BELARUS, ALSO KNOWN AS TERRA INCOGNITA

Hanna Karnei - Ecuador


April 29, 2017

In UWC we quickly learned to pick up the names of the countries that were unfamiliar to us and locate them on the world map. I remember I had to look up Swaziland when I found out my roommate is from there. I had a vague idea where Maldives were; neither did I know anything about Ghana. It was the unspoken rule to know where everyone comes from, even if it was just the name of the country and region. Over time, many places I haven’t previously heard about had acquired their own voices through personal stories which always come to me when a country or a place related to the story is mentioned in a random conversation.  

And so I believe that people are ought to be if not well versed in the international affairs, at least have a surface-level understanding of what’s the deal with one or another country and which part of the world it belongs to. When I travel I hold people to this standard, maybe because I regard my nationality as the pillar of my identity and I think many others do too. Being the minority abroad makes me want to be known not as simply a foreigner, or European, but as Belarusian.

Introducing myself, I always say that I am coming from Belarus; and frankly, rarely do I meet people who know what I’m talking about. Often my naiveté leaves me disappointed because for some reason I take someone’s ignorance regarding Belarus as a personal offense. For example in Ecuador, more often than not, people thought that, gringa as I am, I just have troubles pronouncing the name of the country Bielorrusia in Spanish. ‘You mean Rusia, right?’ they would clarify. At this point, if they haven’t yet assumed I’m Russian and interrogated me about Putin, snow and vodka, I do my best explaining the difference between the two countries, and for a couple seconds they sit there staring at me with a blank look. I can only imagine what is going on in their mind; can be anything form ‘Error 404. Sorry! The country you’re looking for cannot be found’ to a genuine interest.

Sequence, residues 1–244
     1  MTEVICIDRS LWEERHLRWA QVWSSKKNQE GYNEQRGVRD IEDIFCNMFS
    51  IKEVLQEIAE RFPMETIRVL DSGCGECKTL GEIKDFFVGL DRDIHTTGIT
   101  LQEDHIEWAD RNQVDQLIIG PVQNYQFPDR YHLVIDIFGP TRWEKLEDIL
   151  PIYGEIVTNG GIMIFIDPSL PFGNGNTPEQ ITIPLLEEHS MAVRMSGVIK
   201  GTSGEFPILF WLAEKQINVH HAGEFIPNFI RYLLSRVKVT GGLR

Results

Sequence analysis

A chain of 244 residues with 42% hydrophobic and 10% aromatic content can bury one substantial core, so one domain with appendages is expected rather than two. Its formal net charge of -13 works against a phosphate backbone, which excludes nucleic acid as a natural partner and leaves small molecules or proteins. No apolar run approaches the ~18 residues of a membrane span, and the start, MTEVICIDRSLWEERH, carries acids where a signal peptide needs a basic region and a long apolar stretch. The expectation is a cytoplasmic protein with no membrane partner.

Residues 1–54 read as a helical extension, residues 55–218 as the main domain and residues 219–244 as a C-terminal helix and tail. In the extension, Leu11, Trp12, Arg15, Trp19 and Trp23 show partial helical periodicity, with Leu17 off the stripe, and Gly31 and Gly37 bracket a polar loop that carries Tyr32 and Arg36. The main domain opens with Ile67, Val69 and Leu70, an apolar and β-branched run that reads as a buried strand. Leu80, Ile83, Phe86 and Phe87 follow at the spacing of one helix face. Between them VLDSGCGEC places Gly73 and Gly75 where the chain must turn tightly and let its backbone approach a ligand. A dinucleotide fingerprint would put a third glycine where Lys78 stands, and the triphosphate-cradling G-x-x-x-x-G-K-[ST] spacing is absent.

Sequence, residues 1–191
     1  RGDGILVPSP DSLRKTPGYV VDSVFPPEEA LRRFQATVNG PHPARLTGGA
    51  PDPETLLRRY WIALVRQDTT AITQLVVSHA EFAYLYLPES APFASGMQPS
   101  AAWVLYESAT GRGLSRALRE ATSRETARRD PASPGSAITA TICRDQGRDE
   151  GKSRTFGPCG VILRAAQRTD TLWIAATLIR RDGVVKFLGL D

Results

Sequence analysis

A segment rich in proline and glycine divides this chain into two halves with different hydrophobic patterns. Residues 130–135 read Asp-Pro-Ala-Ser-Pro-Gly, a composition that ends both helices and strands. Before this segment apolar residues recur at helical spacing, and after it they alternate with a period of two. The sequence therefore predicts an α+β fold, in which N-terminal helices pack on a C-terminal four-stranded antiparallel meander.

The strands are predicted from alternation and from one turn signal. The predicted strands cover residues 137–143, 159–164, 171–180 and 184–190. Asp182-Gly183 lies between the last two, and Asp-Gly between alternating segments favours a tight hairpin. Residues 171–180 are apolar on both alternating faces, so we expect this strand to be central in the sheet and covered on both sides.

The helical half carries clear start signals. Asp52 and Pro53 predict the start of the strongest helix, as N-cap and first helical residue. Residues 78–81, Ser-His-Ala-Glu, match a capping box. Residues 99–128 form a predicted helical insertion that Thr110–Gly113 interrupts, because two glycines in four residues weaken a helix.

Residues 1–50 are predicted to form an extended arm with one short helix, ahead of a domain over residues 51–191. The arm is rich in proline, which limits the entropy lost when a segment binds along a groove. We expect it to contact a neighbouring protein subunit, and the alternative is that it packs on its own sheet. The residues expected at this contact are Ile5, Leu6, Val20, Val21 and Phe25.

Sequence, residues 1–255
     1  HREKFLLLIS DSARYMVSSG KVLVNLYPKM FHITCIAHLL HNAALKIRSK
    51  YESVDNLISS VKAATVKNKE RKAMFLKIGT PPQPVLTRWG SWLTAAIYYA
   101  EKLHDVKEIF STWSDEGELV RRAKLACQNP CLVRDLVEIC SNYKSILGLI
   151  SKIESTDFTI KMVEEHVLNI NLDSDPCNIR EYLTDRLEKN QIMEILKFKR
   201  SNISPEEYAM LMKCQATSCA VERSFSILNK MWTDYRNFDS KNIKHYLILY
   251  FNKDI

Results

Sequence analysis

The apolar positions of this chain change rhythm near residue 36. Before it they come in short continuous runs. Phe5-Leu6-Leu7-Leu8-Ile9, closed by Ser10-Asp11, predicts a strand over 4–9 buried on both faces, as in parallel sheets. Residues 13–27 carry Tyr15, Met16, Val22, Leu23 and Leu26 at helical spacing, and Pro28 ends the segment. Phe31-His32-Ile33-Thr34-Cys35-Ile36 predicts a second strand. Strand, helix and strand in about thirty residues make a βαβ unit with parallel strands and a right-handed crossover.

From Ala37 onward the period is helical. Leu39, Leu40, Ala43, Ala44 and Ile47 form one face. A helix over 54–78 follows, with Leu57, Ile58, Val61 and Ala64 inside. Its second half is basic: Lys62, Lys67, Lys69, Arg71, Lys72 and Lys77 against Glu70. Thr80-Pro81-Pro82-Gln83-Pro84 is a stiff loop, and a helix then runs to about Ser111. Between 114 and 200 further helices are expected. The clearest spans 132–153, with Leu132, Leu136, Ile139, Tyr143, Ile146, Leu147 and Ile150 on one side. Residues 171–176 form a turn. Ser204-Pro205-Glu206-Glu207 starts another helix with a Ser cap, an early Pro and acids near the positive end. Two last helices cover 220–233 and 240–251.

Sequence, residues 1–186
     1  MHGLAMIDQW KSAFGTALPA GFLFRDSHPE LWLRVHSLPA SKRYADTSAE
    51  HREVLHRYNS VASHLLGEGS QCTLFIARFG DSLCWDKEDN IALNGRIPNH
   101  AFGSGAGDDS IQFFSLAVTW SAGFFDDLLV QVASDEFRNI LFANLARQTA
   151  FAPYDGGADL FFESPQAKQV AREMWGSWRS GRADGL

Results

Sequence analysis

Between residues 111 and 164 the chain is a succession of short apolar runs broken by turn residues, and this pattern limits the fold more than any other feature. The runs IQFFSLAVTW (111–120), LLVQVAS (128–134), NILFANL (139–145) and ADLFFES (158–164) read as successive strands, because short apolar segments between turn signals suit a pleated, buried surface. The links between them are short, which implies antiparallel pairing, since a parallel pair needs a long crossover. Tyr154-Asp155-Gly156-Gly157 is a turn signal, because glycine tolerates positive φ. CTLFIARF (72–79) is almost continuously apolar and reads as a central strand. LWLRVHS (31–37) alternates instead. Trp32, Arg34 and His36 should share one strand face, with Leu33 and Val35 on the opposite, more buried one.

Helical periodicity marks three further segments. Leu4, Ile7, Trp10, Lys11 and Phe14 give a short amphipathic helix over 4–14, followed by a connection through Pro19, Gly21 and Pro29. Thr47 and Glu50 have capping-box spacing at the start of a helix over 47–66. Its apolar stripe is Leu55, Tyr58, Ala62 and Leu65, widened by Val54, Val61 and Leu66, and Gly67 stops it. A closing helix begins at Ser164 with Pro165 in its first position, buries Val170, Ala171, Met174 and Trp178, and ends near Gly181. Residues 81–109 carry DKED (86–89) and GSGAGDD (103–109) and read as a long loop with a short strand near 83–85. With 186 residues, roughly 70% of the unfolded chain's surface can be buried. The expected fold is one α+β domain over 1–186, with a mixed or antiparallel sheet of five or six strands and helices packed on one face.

Something really important that I learned in Ecuador is that as much as I have the right to feel uncomfortable when somebody doesn’t have a single idea where I come from, I also have to keep in mind that there is nothing wrong if a person can’t put his finger on my nationality. Because not knowing or seeming to care about the country of origin doesn’t equal to denouncing the nationality. Simple as that, I just have to admit that outside Europe and post-Soviet countries virtually nobody will make their priority to know what small Eastern European country I’m talking about – and I’m glad this no longer offends me or puts me down.

Steadily over time I learn to wear the label of a foreigner-from-god-knows-where with pride. In Ecuador, unlike when I traveled before, moments of complete misunderstanding even made me joyful. I felt excitement every time I realized that for some people I’m a nowhere man coming from terra incognita, a girl who happened to fall from the moon.

In UWC during midnight conversations with my friends in the laundry room, we were in awe of how much in common we have although we were born 10 000 km apart, on different continents. It was there when for the first time I thought that had I not been born in Belarus, I could as happily call my home any other country in the world – be it Cambodia, Costa Rica or Denmark – and have its culture and mentality align with my personal worldview.   

I’ve heard the phrase Global Citizen enough times this year for it to become a cliché; but being a global citizen, or Homo cosmopolites if you wish, does indeed mean a world to me. I want to be comfortable not only in Belarus – it’s a missed opportunity to overlook other destinations which are easily reachable nowadays – but in many places around the world, embracing all the unfamiliar, alien and confusing there. And while I will make sure to always have ties to Belarus, I know I will feel home in many places in the world; and I hope in a decade or two I will be able to look at the map and point at many places I call home.

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Hanna Karnei